Kindl, Patrice

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Patrice Kindl


Born October 16, 1951, in Alplaus, NY; daughter of Fred Henry (a mechanical engineer) and Catherine (a homemaker; maiden name, Quinlan) Kindl; married Paul Fredrick Roediger (a mechanical designer), October 16, 1976; children: Alexander. Education: Attended Webster College, 1969-70. Politics: Democrat. Religion: "None." Hobbies and other interests: Raising monkeys.


Home—116 Middlefort Rd., Middleburgh, NY 12122.


Writer. Worked with Helping Hands, a program which raises and trains monkeys to aid the disabled, 1990-2001.

Awards, Honors

Golden Kite honor book for fiction, Society of Children's Book Writers and Illustrators, 1993, Notable Book and Book for Reluctant Readers, both American Library Association (ALA), School Library Journal best book, Bulletin of the Center for Children's Books blue ribbon, and Book for the Teen Age selection, New York Public Library, all for Owl in Love; Best Book selection, ALA, Book for the Teen Age selection and 100 Best Children's Books, both New York Public Library, and Austrian Children's and Juveniles' Honor Book Award, 1999, all for The Woman in the Wall; Books for the Teen Age selection and Books to Read and Share, New York Public Library, 10 Best Youth Romances and 10 Best Fantasies, Booklist, and Best Fantasy, Voice of Youth Advocates, all for Goose Chase; Books for the Teen Age selection, New York Public Library, for Lost in the Labyrinth.


Owl in Love (young adult fantasy), Houghton Mifflin (Boston, MA), 1993.

The Woman in the Wall (young adult fantasy), Houghton Mifflin (Boston, MA), 1997.

Goose Chase (novel), Houghton Mifflin (Boston, MA), 2001.

Lost in the Labyrinth (young adult fantasy), Houghton Mifflin (Boston, MA), 2002.


"No one understands [the] particular quagmire of adolescence so well as the quirky (to understate it) heroines of young adult author Patrice Kindl," declared Jeannette Hulick in a profile of the author in Bulletin of the Center for Children's Books Online. Hulick went on to call Kindl a "master of characterization" in the creation of a cast of young female protagonists who are "likeable, smart, witty, touching, and honest." Kindl lets her imagination roam freely in her young adult novels Owl in Love, The Woman in the Wall, Goose Chase, and Lost in the Labyrinth. These novels feature young heroines "on their fantastical but entirely believable journeys toward adulthood," according to Hulick. There is Owl from Kindl's debut novel, a shapeshifter—adolescent student by day, owl by night—spying on her favorite teacher and hunting small prey. Anna, too shy to go to school, literally crawls into the walls of her family's enormous old house in The Woman in the Wall, there to be forgotten for another seven years, until—reaching puberty—she is drawn out of her self-imposed captivity by a mysterious message. Then there is the heroine of Goose Chase, Alexandria, an orphaned goose girl, who is transformed into a gorgeous young woman whose tears turn to diamonds and who has gold dust in her hair. So beautiful is she that suitors imprison her, and she must use her faithful geese to escape. And in Lost in the Labyrinth, Kindl retells the story of Ariadne, Theseus, and the Minotaur from Greek mythology as part of the coming-of-age story of young Xenodice, a princess. "All my characters are made up," Kindl noted on her Web site. "However, the only way I know how to make up a character is by observing other people, as well as reading books written by others. So my characters have tiny bits of lots of people in them."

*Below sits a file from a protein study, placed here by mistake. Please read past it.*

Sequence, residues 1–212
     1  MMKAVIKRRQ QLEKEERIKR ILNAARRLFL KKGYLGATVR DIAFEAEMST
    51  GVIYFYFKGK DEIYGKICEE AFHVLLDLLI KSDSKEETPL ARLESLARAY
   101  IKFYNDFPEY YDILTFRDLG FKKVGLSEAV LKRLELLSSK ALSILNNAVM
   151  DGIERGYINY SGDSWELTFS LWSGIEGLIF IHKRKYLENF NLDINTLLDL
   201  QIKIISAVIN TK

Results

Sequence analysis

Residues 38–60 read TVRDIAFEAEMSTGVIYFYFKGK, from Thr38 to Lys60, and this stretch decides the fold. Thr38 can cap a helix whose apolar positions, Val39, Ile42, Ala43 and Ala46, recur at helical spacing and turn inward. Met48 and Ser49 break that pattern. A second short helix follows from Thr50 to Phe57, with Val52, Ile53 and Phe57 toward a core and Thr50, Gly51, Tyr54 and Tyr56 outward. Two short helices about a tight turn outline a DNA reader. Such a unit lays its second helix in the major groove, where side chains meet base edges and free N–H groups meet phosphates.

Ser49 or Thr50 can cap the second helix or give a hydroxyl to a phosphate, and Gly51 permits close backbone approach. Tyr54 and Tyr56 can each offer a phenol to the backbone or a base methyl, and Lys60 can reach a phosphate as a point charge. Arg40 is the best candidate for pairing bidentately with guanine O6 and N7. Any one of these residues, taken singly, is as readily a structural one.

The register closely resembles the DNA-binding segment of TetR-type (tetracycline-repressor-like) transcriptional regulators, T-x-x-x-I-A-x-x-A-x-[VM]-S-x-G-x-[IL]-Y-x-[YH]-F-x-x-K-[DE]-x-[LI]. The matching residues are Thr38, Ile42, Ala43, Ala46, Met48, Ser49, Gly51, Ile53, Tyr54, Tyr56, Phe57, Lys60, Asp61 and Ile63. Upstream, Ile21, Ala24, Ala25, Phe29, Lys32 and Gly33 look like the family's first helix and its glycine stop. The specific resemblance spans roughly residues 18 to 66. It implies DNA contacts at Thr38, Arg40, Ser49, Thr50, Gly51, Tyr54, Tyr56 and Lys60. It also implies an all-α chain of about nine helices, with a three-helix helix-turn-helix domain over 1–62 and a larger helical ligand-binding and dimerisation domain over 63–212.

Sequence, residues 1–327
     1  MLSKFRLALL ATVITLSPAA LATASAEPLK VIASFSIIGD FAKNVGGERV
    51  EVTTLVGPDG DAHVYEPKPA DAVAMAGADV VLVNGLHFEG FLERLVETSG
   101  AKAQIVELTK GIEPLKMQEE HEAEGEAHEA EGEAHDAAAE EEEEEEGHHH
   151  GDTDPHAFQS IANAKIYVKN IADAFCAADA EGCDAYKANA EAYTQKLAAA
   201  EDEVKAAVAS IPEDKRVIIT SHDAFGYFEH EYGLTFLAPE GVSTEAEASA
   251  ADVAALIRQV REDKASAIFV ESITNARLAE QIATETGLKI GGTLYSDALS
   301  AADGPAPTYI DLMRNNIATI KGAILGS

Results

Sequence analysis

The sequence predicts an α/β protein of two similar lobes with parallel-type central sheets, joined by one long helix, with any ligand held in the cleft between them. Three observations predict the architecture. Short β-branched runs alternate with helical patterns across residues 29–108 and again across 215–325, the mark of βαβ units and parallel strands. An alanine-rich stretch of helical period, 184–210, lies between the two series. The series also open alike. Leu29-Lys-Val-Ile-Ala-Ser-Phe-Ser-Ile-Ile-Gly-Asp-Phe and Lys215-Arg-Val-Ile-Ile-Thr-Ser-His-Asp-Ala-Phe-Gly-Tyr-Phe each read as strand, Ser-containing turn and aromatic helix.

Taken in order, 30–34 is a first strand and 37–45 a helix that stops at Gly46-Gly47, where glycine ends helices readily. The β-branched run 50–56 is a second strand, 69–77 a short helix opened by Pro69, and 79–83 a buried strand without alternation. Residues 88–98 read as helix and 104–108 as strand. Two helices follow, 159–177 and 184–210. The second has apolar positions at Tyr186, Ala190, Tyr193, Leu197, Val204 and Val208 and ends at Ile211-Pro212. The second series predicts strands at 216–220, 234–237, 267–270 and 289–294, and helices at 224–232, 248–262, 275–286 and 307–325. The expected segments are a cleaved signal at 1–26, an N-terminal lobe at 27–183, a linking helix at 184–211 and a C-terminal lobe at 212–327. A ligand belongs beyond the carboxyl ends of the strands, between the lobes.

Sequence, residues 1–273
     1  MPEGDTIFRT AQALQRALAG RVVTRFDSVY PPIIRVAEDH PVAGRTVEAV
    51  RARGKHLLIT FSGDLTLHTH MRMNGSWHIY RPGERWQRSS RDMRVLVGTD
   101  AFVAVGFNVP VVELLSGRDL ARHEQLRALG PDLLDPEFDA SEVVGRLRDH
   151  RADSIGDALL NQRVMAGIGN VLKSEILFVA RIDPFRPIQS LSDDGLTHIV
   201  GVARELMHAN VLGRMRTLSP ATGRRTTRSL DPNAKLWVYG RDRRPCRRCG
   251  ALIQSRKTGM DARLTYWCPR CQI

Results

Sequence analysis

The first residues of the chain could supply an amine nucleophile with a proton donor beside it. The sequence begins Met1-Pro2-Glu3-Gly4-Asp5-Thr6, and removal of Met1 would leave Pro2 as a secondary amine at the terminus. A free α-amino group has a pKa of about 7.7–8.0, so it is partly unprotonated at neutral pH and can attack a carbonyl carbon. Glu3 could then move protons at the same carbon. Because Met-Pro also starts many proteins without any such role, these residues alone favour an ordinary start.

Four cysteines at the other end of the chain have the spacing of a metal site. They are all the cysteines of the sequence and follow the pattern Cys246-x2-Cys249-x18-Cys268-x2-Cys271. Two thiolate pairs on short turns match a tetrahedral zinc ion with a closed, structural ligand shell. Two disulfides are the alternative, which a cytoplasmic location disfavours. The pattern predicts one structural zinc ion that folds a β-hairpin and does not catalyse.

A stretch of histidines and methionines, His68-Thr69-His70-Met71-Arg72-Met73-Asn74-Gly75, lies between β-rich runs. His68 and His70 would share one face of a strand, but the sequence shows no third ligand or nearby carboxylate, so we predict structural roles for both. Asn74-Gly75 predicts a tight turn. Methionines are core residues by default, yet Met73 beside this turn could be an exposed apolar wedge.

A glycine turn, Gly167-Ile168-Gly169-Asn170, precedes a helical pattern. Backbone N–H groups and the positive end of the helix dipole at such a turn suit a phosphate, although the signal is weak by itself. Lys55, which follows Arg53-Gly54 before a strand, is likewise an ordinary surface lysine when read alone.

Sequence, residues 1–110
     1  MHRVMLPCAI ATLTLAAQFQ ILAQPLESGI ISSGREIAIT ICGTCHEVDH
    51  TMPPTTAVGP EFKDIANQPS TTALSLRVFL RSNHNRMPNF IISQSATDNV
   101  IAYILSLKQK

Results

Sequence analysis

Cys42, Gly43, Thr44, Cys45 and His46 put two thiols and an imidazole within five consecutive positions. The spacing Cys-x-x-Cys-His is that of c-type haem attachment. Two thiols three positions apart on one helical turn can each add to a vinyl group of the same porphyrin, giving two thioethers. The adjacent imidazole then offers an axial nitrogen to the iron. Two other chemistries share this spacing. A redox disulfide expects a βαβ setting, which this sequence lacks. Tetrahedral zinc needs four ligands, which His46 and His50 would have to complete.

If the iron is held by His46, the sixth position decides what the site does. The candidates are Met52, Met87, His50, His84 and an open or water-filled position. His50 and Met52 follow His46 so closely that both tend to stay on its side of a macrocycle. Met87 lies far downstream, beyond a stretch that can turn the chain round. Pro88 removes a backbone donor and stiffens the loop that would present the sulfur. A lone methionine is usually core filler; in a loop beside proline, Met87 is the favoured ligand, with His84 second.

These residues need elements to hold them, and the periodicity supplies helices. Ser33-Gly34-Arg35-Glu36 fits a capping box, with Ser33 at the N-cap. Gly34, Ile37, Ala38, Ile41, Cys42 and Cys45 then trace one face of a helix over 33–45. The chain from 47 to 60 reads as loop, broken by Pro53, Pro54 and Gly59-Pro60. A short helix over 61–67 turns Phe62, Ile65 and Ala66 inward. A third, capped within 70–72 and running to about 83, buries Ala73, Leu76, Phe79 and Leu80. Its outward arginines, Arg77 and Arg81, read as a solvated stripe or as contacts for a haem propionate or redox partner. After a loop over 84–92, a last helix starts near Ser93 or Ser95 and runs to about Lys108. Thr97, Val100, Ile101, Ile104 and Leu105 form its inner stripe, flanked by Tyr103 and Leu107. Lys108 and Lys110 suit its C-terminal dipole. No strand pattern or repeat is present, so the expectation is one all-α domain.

A New York Upbringing

Born and raised in Alplaus, New York, Kindl is the youngest of four daughters. Kindl once commented: "When I was three years old my family moved to a Victorian house on a hill. To me it was a small country in itself. It had a cupola full of sunlight and dead flies, enormous attics suitable for imprisoning mad relatives, a butler's pantry, a grand staircase for grand entrances, and a secret, winding stair in a closet. There were miles of corridors and empty rooms, and the cellars were as dark and deep as the Minotaur's maze." This house, in fact, inspired in Kindl "a taste for the Gothic. We lived there for five years. When I was eight we moved to a brand-new split level. I spent the next decade sulking."